Where Can Equity Begin? Taking Steps to Build Collective Action in Rhode Island
“it starts when you say We
and know who you mean,
and each day you mean one more.”
– Marge Piercy
Over 60 members of the Newport, RI community gathered together on November 30 to begin a conversation about collective action. This group, assembled by the van Beuren Charitable Foundation, included people young and grown working in education, the arts, health care, and more; they represented public institutions, government, private businesses, nonprofit organizations, and their own families – the main thread tying them together was the energy to build a better, more equitable Newport for its residents.
I and my colleagues Consuela Greene and Colette Stanzler had the privilege of working with this group, introducing Root Cause’s model for collective action. We talked about how much of the work done in communities is only able to address the symptoms of larger, deeper problems. In order to make real transformational improvements, it may be necessary for several organizations and individuals to band together with the intention to address that common purpose.
Collective Action: a community-led process for advancing equity and achieving social change. It’s the movement of a group of people impacted by and impacting a systemic challenge who share power, trust, resources, and effort to achieve a common purpose.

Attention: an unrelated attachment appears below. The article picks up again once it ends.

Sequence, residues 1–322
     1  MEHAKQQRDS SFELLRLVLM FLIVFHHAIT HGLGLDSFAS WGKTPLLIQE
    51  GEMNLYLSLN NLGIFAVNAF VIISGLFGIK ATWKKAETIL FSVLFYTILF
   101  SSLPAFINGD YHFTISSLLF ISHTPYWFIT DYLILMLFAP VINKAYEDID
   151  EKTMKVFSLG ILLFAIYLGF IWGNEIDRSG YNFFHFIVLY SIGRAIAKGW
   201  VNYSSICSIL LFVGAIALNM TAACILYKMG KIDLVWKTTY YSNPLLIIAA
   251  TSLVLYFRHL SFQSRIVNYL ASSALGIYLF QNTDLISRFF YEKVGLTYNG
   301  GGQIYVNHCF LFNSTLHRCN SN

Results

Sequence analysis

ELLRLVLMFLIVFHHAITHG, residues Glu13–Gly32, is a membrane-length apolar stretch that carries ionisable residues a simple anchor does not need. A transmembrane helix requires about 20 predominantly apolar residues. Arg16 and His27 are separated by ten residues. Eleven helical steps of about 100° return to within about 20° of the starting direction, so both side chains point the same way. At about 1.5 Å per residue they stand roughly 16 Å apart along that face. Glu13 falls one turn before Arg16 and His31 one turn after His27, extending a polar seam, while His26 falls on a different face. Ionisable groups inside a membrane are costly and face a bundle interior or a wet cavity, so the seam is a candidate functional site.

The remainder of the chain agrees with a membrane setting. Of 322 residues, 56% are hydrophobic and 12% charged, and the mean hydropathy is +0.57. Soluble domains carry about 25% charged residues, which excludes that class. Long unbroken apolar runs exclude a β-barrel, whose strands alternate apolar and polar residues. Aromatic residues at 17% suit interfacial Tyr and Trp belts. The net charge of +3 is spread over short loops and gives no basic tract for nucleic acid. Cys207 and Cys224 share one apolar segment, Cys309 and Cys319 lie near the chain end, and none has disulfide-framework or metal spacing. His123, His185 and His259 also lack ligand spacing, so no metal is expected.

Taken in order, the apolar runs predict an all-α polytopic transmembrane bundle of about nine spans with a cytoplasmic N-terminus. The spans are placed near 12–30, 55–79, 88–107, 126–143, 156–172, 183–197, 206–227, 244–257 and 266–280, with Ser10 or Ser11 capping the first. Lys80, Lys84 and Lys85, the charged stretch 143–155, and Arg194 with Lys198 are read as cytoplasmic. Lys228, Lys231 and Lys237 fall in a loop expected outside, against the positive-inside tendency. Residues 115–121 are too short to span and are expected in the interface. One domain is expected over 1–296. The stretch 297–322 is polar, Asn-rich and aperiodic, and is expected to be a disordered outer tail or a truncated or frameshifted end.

In our short afternoon meeting, we explored what it might take to identify a common purpose. Each attendee shared the issues that they were focused on – educational equity, resident leadership and voice, food equity, etc. We then considered the causes that drive these issues, using a metaphorical framework from the Groundwater Institute. As we looked deeper, toward the root causes of symptomatic problems, we began to uncover similarities. Housing inequity, for example, impacts educational outcomes for students, makes it harder for those in need to access support, and even drives disparities in the health of pets.
Our meeting definitely felt like the very beginning of a long conversation. It will take many more meetings for this group to select a common purpose, and sustain a collective effort to pursue the changes they hope to see. But I find that the right kind of beginning gives me great hope. Here we began with the courage of a funder to ask its community what they need rather than to lead out with a proposed solution. We began with stakeholders from enough corners of that community that they could fill in each other’s blind spots. And we began by cultivating possibility and energy. I, for one, look forward to seeing what this amazing group of people will go on to do together!